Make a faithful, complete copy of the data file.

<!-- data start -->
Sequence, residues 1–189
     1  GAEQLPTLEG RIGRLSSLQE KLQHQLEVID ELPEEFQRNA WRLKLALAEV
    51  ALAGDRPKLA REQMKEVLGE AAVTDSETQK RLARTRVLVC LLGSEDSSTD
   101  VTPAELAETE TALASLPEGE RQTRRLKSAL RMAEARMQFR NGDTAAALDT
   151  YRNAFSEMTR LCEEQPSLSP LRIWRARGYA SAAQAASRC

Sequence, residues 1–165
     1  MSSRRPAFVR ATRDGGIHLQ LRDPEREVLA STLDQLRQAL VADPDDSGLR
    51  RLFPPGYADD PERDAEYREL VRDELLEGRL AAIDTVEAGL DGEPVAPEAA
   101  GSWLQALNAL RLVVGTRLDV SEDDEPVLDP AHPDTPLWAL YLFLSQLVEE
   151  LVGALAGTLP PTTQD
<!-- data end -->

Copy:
Sequence, residues 1–189
     1  GAEQLPTLEG RIGRLSSLQE KLQHQLEVID ELPEEFQRNA WRLKLALAEV
    51  ALAGDRPKLA REQMKEVLGE AAVTDSETQK RLARTRVLVC LLGSEDSSTD
   101  VTPAELAETE TALASLPEGE RQTRRLKSAL RMAEARMQFR NGDTAAALDT
   151  YRNAFSEMTR LCEEQPSLSP LRIWRARGYA SAAQAASRC

Sequence, residues 1–165
     1  MSSRRPAFVR ATRDGGIHLQ LRDPEREVLA STLDQLRQAL VADPDDSGLR
    51  RLFPPGYADD PERDAEYREL VRDELLEGRL AAIDTVEAGL DGEPVAPEAA
   101  GSWLQALNAL RLVVGTRLDV SEDDEPVLDP AHPDTPLWAL YLFLSQLVEE
   151  LVGALAGTLP PTTQD